Well, it looked as if $4 was what they’d bear. Does that work for you? Nearly 30 years in the business, 10 songs, $4?
I know. The business has resigned itself to that. I, on other hand, refuse to resign myself to that. But if I was Radiohead, I’d try it, too. They have all the ancillaries in place. Band X has four songs on MySpace? Good. Luck. Someone like me who is in the middle, I’d rather be old-school revivalist. Put it on CD. Get it on a label. Go town to town. I earn my keep in ticket sales and selling and signing after the show: the old-fashioned way. But then again, how I record has changed. It’s all at home. When I hit “record,” it usually winds up as what my CD is.

You’ve gone from label to label. Is it the case now where you approach them, or do they approach you? Are you saying, “I’ve got a set of songs called District Line,” or are you calling them and saying, “I’m Bob fucking Mould”?
I say the former and the latter is implied. [Laughs] Anti- is the type of label where its fans match with the music: older career artists. People who like Anti- still buy CDs. I think my audience wants that.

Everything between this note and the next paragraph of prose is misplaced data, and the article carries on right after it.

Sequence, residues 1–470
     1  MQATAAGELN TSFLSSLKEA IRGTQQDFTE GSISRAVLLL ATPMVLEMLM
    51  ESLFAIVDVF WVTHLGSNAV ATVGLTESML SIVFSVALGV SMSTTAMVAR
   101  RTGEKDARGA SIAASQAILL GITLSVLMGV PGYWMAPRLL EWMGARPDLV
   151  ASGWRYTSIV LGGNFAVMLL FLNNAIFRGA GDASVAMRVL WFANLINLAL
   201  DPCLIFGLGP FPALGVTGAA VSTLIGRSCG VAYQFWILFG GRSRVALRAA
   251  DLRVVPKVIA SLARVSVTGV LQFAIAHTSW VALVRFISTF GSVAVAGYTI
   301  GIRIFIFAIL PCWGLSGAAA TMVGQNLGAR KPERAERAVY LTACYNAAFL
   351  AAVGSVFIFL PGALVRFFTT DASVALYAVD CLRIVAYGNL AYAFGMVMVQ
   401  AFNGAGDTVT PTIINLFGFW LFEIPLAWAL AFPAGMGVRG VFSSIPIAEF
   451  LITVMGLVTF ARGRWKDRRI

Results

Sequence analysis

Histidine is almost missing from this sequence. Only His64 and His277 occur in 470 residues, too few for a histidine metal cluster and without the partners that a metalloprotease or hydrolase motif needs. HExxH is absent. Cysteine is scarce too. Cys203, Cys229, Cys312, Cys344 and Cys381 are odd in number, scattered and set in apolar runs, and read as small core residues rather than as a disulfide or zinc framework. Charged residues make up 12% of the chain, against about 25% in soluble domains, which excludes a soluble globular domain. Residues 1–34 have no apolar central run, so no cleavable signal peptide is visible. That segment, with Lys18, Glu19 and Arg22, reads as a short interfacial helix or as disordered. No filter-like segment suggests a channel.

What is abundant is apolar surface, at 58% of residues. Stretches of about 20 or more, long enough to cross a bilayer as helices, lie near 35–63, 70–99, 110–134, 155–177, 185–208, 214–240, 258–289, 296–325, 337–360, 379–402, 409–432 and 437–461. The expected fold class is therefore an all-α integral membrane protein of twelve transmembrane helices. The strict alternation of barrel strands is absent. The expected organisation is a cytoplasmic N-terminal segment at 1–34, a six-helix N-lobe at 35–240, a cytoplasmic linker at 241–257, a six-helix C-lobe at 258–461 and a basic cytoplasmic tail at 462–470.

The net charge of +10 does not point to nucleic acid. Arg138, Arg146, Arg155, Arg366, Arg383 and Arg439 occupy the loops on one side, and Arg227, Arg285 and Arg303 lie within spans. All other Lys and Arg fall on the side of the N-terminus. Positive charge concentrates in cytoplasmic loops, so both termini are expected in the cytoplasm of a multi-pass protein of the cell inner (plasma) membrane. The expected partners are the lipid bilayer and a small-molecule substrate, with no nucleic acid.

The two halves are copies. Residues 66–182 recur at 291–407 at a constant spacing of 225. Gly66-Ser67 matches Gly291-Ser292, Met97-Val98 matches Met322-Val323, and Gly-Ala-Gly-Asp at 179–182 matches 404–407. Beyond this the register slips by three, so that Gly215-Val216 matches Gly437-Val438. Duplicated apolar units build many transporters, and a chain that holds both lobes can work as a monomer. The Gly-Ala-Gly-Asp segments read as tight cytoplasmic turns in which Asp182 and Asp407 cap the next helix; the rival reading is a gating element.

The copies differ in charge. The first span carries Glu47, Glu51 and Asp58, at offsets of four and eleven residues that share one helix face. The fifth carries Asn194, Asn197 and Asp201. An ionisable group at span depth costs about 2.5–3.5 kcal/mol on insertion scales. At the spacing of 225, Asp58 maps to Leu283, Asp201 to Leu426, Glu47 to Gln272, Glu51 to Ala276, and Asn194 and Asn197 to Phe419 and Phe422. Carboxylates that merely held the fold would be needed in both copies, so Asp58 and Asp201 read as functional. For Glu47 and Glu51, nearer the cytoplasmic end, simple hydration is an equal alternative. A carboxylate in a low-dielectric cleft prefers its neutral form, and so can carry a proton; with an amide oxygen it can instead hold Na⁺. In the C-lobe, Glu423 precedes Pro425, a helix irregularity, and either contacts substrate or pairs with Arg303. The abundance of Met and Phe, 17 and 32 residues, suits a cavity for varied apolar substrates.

I hear the influence of Richard Thompson and Pete Townshend on this album. What are your favorites of theirs?
I didn’t really know Thompson until recently. Once I discovered him, I carried Shoot Out The Lights everywhere I went. The Who? Sell Out. I love concept records. It’s so mod heading toward psychedelic, so of that moment. Like Rubber Soul, everything came from that.

Where does District Line fit in the Bob Mould canon?
“Return to form” are three words I hate to see. But Body Of Song was that. You know, like, “Hmm, the guitars are louder than the synthesizers.” District Line continues along that path.

That sounds like a calculated move. And I don’t necessarily see you as a guy who says, “I have to strike a nice balance.”
I see it afterward. I just write and write and write. I see albums in place. When I write a song I see as the opener, it stays the opener. The closer stays the closer. Then I just fill everything in between. I think mine is still an album audience, so when I have 10 or 12 tunes that tell a story, I’m done.